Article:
“Nope. Kinda thought you would. It’s okay.” She fell asleep crying silently, with no idea why.
Or why she felt so lost.
Just call me…
“Christ!” The radio went flying across the room, only to bounce off the wall and land on the carpet with an insignificant thud. The wall didn’t escape so lightly, and she winced at the dent left behind, along with the tear in the wallpaper. That wasn’t going to be cheap to fix.
“I take it you wanted the bedroom painted again, then.”
“I’m so sorry. I don’t know what came over me…” Sam got out of bed and retrieved the clock, placed it back on the bedside table before sitting down beside her. She leant into him as the mattress sank under his weight, and shivered at his touch. He felt so cold.
“I do. Your mother.” She said nothing, just let him wait – until he lost patience (as much as he ever did, he wasn’t one for confrontation.) and went on – “She upsets you every time, I don’t know why you let her do it.”
“I don’t let her!”
“You do, love, you know you do. One word from her and all your confidence flies out of the window.” Silence again, and this time he let it go on for much longer – waiting to see if she’d leap to her mother’s defence, as usual. Not this time. He moved to the window, looked out at the sunrise. Was that a tear on his face, glinting gold in the dawn? “You know what’s right, love. You know what you want. Do it your way. For me.” She nodded, and shuddered as a cold breeze swept through the room. It seemed as if it had taken all the light with it, leaving everything grey and chill.
“Sam?” He’d gone, off to do whatever he did when he wanted to be on his own, and she had to let him. He was right. Time to stand on her own two feet, and be strong. She looked out of the window again, watching as the sky paled. “Looks like it’s going to be a very grey day.” Turning to take in the bedroom, and gazing around as if she was seeing it, really seeing it, for the first time, she added: “Very grey.”
“Just call me…”
“Okay, okay, I get it. Now can we please have another sodding song next time? I’m rapidly going off this one.” She felt, rather than heard, Sam chuckle, and grinned tightly to herself as she got out of bed and headed for the shower. When she reached the door, she heard him whisper: “Good girl.”
The rest of the day passed in a blur of meeting people, getting ready, keeping her head held high despite her mother’s best efforts to take things over. Then finally it was time. Three o’clock, St. Martha’s Church, and she stood at the front of the church daring people to feel sorry for her as Sam was carried up the aisle towards her. She wouldn’t let him down.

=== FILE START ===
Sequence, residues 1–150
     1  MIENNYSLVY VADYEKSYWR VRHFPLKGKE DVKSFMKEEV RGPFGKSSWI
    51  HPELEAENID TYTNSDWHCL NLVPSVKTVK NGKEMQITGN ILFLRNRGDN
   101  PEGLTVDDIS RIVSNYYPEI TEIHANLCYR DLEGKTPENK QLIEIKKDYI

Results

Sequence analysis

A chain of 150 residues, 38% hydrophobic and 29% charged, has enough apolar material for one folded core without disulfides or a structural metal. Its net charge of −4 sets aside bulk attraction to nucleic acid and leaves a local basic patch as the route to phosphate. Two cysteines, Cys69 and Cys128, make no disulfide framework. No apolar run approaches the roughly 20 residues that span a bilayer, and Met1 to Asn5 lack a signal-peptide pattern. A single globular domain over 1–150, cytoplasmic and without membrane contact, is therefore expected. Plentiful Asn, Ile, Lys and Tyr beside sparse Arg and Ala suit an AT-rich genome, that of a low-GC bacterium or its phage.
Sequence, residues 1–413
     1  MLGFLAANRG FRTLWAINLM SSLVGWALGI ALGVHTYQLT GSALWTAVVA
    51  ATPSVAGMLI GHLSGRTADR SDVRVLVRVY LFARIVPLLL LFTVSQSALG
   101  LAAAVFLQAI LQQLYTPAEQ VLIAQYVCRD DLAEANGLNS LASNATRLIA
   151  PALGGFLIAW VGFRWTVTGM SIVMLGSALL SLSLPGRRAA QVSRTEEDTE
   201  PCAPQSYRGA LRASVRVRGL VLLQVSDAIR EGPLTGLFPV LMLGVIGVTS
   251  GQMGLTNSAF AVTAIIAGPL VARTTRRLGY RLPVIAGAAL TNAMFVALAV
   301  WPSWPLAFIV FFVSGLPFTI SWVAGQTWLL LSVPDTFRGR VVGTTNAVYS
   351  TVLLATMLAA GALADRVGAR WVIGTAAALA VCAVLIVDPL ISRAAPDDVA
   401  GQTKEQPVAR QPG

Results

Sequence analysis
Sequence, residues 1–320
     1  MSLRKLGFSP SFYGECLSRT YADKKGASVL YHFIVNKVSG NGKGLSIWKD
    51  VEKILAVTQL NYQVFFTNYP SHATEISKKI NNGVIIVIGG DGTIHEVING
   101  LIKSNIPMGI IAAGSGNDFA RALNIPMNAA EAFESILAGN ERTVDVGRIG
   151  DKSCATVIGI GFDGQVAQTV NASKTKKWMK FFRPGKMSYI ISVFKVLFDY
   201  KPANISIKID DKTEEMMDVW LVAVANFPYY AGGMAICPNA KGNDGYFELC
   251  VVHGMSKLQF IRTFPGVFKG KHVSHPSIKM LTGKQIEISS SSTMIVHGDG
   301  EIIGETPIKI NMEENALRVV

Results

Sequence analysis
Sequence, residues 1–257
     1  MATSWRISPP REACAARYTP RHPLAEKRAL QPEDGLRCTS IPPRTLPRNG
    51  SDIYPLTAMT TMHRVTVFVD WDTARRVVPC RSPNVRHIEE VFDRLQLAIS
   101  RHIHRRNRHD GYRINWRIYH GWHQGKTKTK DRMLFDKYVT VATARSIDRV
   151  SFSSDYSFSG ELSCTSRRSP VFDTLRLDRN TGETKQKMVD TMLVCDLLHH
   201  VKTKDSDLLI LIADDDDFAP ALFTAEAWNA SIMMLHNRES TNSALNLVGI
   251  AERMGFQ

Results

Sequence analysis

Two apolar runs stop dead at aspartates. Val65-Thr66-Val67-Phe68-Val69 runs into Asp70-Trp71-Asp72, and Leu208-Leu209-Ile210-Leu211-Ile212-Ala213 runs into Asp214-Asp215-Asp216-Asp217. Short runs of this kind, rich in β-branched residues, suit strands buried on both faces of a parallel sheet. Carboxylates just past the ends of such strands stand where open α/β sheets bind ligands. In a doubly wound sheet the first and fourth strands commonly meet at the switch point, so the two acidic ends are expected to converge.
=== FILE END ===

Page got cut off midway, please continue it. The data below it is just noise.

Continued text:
She didn’t want to listen to the priest. What did he know of Sam? He didn’t know how his love – his support - had kept her going, even when his own body was failing him – all his strength concentrated on getting her through this. Right up to his death, and beyond. She smiled at the thought of the alarm clock. That was just like him. His little joke, aimed at getting her to wake up; acknowledge he was gone, but not far away.
Her mother was beside her, and that was the biggest surprise of all. Desperate to take the burden off Lucy’s shoulders, she’d fought tooth and nail to organise it all, to help her cope, protecting her. And Lucy had gone along with it, to an extent, too numb to do anything else. Now her mother was sobbing like a baby, and it was Lucy who was the rock, holding her close and staying calm. The priest’s voice trailed off, and the pallbearers moved forward, ready to take the coffin - not Sam, no, not her Sam; he was somewhere else. - outside for burial. Tears threatened, and she took a deep breath, determined not to let him down now. Then she looked at the coffin and smiled. There was an enormous white feather resting on top of it, and just for a moment she heard Sam, whispering in her ear: “Told you. Just call me angel.”
The congregation looked on, bemused, at the woman laughing at the front of the church. What mystified those close enough to hear even more, was what she said.
“Oh, Sam. You never could sing.”
©2006 Marie O'Regan
© Marie O'Regan - 2001 - 2018. All rights reserved. Materials (including images) may not be reproduced without express permission from the author.